Exercise Guidelines Australia

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Exercise Guidelines Australia

Man exercising in winter on gravel track.

What are the current exercise guidelines for Australians?

The Australian Department of Health has broken down the current recommendation for exercise into two age brackets, 18-64 and 65+.

Lets begin with those aged 18-64.

  • Accumulation of 150-300 minutes of moderate intensity OR 75 – 150 minutes of vigorous physical activity. Or a combination of both moderate and vigorous can also be beneficial.
    • So, what is moderate intensity?
      • exercising at approx. 50-70% of your max heart rate.
      • A easy way to think about this is a intensity that enables you to talk in small bursts
    • And what is vigorous intensity?
      • exercising at approx. 70-85% of your max heart rate.
      • A intensity that promotes laboured breathing and does not let you talk while exercising.

For those aged 64< 

These recommendations have been designed to keep those elderly Australians moving in order to maintain their function. Furthermore, they are mainly for those who are not currently completing a daily dose of 30 minutes of physical activity and are looking for ways they can do so.

  • Complete some form of physical activity, no matter age, weight, health problems or abilities.
  • Try to be active every day –  incorporating a wide range of activities requiring fitness, strength, balance and flexibility.
  • Try and accumulate at least 30 minutes of moderate intensity physical activity on most or everyday.


“Being physically active for 30 minutes every day is achievable and even a slight increase in activity can make a difference to your health and wellbeing”. 

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Why are these guidelines important?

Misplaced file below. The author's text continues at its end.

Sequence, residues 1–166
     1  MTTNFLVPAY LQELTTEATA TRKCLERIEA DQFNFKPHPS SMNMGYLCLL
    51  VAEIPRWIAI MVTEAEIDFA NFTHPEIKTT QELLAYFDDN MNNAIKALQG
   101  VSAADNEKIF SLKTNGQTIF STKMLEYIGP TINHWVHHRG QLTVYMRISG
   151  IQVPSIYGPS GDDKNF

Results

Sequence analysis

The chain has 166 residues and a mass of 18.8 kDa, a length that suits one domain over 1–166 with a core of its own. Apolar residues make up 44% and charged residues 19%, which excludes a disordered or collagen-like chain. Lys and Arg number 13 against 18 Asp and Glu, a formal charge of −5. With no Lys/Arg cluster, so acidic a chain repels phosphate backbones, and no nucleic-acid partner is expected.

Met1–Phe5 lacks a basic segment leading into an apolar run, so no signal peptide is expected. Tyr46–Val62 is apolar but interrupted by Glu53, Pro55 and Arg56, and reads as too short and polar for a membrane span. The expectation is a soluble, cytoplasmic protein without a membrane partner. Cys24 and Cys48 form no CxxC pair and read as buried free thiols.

Meeting these guidelines can help not only reduce your risk of a heart attack, it may also help promote stronger bones, muscles and joints. Furthermore, accumulating the suggested amount of moderate and vigorous activity has been shown to help reduce blood pressure, blood cholesterol level and even reduce your risk of falls.

What is the easiest form of exercise?


I know this might be obvious, but many people think that they need a gym membership to get started. Although resistance training is important – walking is can be a great place to start. Research has shown it not only helps decrease rates of cardiovascular disease and metabolic disease, it is also great for reducing pain in the short/medium terms. Also, walking is great at improving function in those with chronic pain.



For more information about knee osteoarthritis and how to safely use exercise to treat it, come into Pivotal Motion and ask us about our knee physiotherapy today! Call us on (07) 3352 5116 or make an appointment online to see your physiotherapist.


  1. O’Connor SR, Tully MA, Ryan B, et al. Walking exercise for chronic musculoskeletal pain: systematic review and meta-analysis. Arch Phys Med Rehabil. 2015;96(4):724-734.e3.


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